|Updated: 8/06/2009 8:30 am
||Published: 8/05/2009 8:41 pm
U.S. lawmakers have a big battle ahead in September. What should they do about the nation's healthcare system? Those pushing for change say too many Americans are uninsured or not covered for all their illnesses. And they say for those who are happy with their coverage the cost will get out of control in a matter of years.
Democratic representatives Mike Ross and Vic Snyder both came to Little Rock Wednesday to explain what changes could be coming. And Arkansans got a chance to sound off too. It was a loud crowd at Arkansas Children's Hospital and everybody had something to say.
Mike Massucco said his biggest fear is a government run healthcare option. He said, "it undermines the whole capitalistic system. With them they say, 'no, we're not going to have a government option.' They will and of course nobody can compete with the government."
Mike Ross is the chairman of the Blue Dog Democrats, the conservative group that slowed down the vote on healthcare reform. Ross says right now there are 5 different bills floating around and lawmakers need to look closely at each one before making a final decision.
"It's not that the American people do not want healthcare reform. They want the right kind of reform and they don't want it to be rushed," Ross said.
Congressman Vic Snyder says something must be done because at this rate, the number of uninsured will keep climbing as premiums go so high that insurance will become unaffordable. "If we don't do something their current coverage will change. And that's the message I think we need to get out today," Snyder said.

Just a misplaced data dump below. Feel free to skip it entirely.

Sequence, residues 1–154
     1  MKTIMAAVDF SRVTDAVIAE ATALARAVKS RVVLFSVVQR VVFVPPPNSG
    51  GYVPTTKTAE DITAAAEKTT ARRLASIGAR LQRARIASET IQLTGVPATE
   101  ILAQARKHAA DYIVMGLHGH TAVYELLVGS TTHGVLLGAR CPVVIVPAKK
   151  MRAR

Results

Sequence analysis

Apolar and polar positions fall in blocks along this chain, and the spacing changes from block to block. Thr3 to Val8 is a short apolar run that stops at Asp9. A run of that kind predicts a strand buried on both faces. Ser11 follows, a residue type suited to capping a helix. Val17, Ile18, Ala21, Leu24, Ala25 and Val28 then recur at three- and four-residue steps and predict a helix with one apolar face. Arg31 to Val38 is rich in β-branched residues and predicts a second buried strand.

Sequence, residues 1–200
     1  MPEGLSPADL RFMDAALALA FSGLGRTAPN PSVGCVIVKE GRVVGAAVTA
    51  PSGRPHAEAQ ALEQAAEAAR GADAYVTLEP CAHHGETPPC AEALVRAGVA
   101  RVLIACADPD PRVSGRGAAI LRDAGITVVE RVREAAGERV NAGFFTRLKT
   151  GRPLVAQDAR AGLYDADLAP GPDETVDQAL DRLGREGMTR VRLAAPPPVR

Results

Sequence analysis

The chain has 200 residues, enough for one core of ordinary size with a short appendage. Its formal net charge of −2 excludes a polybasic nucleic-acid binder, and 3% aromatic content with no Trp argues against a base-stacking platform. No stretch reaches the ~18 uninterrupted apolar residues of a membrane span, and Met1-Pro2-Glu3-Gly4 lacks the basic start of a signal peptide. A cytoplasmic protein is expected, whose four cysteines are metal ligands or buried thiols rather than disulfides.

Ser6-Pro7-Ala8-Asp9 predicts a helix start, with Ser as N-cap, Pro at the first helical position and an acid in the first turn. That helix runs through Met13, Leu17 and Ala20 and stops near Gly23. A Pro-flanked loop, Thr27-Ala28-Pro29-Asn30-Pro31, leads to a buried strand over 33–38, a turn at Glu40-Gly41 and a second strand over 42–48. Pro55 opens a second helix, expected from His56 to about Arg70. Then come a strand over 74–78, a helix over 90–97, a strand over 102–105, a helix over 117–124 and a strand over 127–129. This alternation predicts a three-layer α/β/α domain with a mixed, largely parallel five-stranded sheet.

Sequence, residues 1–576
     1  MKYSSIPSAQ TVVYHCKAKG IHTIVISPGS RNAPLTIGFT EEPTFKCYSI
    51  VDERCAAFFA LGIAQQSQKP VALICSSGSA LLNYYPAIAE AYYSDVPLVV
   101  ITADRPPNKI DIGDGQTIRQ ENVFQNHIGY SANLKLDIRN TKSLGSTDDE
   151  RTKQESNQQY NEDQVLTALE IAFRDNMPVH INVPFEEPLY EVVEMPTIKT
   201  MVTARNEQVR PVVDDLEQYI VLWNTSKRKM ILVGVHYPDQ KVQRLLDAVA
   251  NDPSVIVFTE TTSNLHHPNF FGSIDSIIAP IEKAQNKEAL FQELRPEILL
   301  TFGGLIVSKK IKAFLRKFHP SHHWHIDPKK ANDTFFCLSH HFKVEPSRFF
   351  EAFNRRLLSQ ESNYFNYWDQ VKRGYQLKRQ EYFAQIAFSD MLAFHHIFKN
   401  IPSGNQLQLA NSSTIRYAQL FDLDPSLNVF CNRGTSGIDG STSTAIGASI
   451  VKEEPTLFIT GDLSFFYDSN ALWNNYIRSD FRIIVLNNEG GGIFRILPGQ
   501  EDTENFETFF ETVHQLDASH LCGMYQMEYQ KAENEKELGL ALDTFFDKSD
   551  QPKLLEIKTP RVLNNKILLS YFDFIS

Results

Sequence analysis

Ross says he won't vote for rationed care or federally funded abortions or coverage for illegal immigrants. And as for the cost, "we have to first squeeze all the inefficiencies out of the current very broken healthcare system before we ask the American people to pay another dime," Ross said.
Now as for Mr. Massucco's concern that a government plan would run private healthcare out of business, Representative Ross said the plan he voted on in the energy and commerce committee would level the playing field. That bill would require the government to negotiate with providers just the same as private insurance companies, so the government wouldn't be able to offer dramatically lower rates.
Snyder and Ross say they would not support a completely government-run, single-payer health insurance plan. There will be 10 more legislative votes before any health care reform bill becomes final. Lawmakers will get back to work on health care in September after the August recess ends.